The Utica Shale contains about 38 trillion cubic feet of undiscovered, technically recoverable natural gas (at the mean estimate) according to the first assessment of this continuous (unconventional) natural gas accumulation by the U. S. Geological Survey.  The Utica Shale has a mean of 940 million barrels of unconventional oil resources and a mean of 208 million barrels of unconventional natural gas liquids.


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Overview

A fully loaded coal train winds through scenic Appalachia
Photo: A fully loaded coal train winds
through scenic Appalachia.

The Appalachian Basin Region is a physiographic province extending from Alabama to Maine and encompasses the eastern seaboard of the United States. Evidence suggests the complex geology of the region was formed by a series of continental plate collisions and deformation resulting in the Appalachian Mountains and large areas of elongated, faulted, and deformed ridges and valleys. Over time erosion has carried sediments seaward to the continental shelf and modified the landscape to the more familiar piedmont terraine. The region contains large amounts of natural resources and a long history of oil, gas, and coal production. The first oil wells in the U.S. were discovered in this province and research and assessments continue on these prolific coal and oil and gas deposits. This web site provides access to the diverse Energy Resources Program research activities and products within the Appalachian Basin Region.

Research

National Oil and Gas Assessments: Appalachian Basin Focus Area
National Oil and Gas
Assessments

National Oil and Gas Assessments

The USGS has completed several assessments of the Appalachian Basin. This information is summarized on the Oil and Gas Assessment Appalachian Basin page.


National Coal Resource Assessment: Appalachian Basin Focus Area
National Coal Resource
Assessment

National Coal Resource Assessment

The National Coal Resource Assessment (NCRA) project was a multi-year effort by the U.S. Geological Survey (USGS) Energy Program to identify, characterize, and assess the coal resources that will supply a major part of the Nation’s energy needs during the next few decades. NCRA data and publications are available on the NCRA Appalachian Basin page.


Coalbed Methane Assessment: Appalachian Basin Focus Area
Coalbed Methane Assessment

Coalbed Methane Assessment

There are coalbed methane assessments for the Appalachian Basin currently available.

 

 

 

Data

Reports

Coal and Petroleum Resources Data Report

Regional Cross-section Maps

An example of a cross-section map
An example of a cross-section map that documents and improves understanding of the geologic framework and petroleum systems of the Appalachian basin.

Ryder, R.T., Trippi, M.H., Swezey, C.S. Crangle, R.D., Jr., Hope, R.S., Rowan, E.L., and Lentz, E.E., 2012, Geologic cross section C–C’ through the Appalachian basin from Erie County, north-central Ohio, to the Valley and Ridge province, Bedford County, south-central Pennsylvania: U.S. Geological Survey Scientific Investigations Map 3172, 2 sheets, 70-p. pamphlet.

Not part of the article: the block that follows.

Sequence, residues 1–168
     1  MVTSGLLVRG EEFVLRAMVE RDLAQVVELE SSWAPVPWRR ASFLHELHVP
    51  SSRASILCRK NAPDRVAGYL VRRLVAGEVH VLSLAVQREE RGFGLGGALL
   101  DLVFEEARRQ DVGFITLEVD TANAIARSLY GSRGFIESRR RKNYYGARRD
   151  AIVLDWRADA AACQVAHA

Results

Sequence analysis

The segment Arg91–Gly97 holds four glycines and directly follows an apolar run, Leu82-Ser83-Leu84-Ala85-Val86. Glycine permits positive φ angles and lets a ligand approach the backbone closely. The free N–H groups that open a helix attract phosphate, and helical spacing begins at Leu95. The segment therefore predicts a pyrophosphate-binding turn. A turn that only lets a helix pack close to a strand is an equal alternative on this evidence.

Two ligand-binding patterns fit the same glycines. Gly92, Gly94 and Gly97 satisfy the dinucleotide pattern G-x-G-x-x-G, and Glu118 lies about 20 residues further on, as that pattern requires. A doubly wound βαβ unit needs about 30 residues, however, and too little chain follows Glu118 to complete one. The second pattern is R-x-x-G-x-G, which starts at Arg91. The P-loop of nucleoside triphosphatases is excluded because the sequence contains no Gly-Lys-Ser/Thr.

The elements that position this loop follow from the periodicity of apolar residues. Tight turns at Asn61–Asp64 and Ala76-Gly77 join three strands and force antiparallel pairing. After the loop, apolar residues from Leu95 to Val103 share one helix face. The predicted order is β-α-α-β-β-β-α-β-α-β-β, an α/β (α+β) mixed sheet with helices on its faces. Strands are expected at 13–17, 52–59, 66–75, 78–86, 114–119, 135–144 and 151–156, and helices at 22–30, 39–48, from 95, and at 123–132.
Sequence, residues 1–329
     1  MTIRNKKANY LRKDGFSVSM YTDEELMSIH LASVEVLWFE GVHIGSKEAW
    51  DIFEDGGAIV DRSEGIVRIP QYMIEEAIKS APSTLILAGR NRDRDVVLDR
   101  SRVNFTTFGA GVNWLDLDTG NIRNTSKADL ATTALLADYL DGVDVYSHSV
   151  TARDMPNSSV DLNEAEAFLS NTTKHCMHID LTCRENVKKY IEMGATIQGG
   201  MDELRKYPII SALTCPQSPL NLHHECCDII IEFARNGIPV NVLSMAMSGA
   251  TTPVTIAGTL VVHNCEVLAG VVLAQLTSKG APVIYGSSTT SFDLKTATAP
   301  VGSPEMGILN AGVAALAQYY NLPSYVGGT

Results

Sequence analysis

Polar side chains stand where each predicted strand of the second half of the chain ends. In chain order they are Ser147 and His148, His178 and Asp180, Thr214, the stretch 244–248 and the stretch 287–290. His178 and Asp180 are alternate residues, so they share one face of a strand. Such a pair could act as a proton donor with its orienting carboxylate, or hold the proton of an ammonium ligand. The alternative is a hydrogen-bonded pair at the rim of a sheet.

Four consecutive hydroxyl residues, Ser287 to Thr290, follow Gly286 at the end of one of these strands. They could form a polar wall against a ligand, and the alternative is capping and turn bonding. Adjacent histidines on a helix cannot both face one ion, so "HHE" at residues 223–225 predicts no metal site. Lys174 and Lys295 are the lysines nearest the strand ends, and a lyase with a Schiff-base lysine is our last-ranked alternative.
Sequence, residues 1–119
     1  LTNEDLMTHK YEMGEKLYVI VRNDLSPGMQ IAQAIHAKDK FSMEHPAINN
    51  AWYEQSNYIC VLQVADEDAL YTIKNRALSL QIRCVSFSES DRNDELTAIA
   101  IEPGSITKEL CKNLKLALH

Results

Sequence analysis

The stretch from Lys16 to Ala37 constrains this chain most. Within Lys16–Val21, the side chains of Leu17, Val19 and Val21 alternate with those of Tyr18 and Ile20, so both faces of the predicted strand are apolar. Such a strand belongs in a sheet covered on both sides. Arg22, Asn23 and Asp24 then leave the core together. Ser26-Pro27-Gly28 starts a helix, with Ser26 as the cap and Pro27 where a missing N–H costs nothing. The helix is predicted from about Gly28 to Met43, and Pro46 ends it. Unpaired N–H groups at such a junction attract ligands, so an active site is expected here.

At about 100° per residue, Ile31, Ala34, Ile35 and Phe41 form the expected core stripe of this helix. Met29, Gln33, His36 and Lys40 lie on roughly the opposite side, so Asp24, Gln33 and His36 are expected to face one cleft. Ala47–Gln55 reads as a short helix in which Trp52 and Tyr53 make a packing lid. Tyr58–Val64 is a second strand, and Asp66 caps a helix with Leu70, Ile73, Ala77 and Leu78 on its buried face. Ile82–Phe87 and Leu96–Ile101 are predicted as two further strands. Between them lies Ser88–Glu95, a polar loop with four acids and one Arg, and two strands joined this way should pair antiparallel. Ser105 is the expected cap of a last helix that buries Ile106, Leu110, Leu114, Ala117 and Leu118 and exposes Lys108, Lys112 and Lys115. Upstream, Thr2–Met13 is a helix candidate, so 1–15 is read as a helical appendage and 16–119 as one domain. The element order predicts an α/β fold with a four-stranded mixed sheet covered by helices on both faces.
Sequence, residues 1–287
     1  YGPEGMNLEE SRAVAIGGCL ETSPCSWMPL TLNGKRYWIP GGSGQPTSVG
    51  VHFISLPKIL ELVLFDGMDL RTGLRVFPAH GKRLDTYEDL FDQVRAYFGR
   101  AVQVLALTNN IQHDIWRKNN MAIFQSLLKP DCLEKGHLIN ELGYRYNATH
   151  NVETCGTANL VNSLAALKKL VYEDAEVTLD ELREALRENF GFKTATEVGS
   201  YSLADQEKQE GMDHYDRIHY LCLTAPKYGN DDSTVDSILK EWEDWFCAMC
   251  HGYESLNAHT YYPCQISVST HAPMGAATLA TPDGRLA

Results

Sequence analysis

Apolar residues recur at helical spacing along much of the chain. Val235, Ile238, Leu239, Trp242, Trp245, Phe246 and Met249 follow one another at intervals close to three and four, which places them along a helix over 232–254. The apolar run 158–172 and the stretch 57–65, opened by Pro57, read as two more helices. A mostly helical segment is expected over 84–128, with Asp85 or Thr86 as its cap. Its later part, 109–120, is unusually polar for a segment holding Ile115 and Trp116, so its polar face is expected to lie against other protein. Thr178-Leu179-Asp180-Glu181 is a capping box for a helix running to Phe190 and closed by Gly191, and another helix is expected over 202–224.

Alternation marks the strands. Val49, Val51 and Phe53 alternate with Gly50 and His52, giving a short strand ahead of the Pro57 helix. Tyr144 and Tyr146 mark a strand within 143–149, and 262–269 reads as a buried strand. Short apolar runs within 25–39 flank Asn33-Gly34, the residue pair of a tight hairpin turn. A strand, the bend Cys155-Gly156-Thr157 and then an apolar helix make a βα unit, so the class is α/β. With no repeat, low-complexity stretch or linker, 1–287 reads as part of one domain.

Available at: http://pubs.usgs.gov/sim/3172/

Trippi, M.H., and Crangle, R.D., Jr., 2009, Log ASCII Standard (LAS) files for geophysical (gamma ray) wireline well logs and their application to geologic cross section C-C’ through the central Appalachian basin: U.S. Geological Survey Open File Report 2009-1021, 13 p., 20 LAS files.
Available at: http://pubs.usgs.gov/of/2009/1021/

Ryder, R.T., Crangle, R.D., Jr., Trippi, M.H., Swezey, C.S., Lentz, E.E., Rowan, E.L., and Hope, R.S., 2009, Geologic cross section D–D’ through the Appalachian basin from the Findlay arch, Sandusky County, Ohio, to the Valley and Ridge province, Hardy County, West Virginia: U.S. Geological Survey Scientific Investigations Map 3067, 2 sheets, 52-p. pamphlet.
Available at: http://pubs.usgs.gov/sim/3067/
Also Available: Downloadable Corresponding LAS Files 

Ryder, R.T., Swezey, C.S., Crangle, R.D. Jr., and Trippi, M.H., 2008, Geologic Cross Section E-E' through the Appalachian Basin from the Findlay Arch, Wood County, Ohio, to the Valley and Ridge Province, Pendleton County, West Virginia: U.S. Geological Survey Scientific Investigations Map 2985.
Available at: http://pubs.usgs.gov/sim/2985/
Also Available: Downloadable Corresponding LAS Files

Ryder, R.T, 2008, Stratigraphic Framework of Cambrian and Ordovician Rocks in the Appalachian Basin from Sequatchie County, Tennessee, through Eastern Kentucky, to Mingo County, West Virginia: U.S. Geological Survey Scientific Investigations Map 2994.
Available at: http://pubs.usgs.gov/sim/2994/

Crangle, R.D., 2007, Log ASCII Standard (LAS) files for geophysical wireline well logs and their application to geologic cross sections through the central Appalachian basin: U.S. Geological Survey Open-File Report 2007-1142.
Available at: http://pubs.usgs.gov/of/2007/1142/

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Page Last Modified: Tuesday, June 10, 2014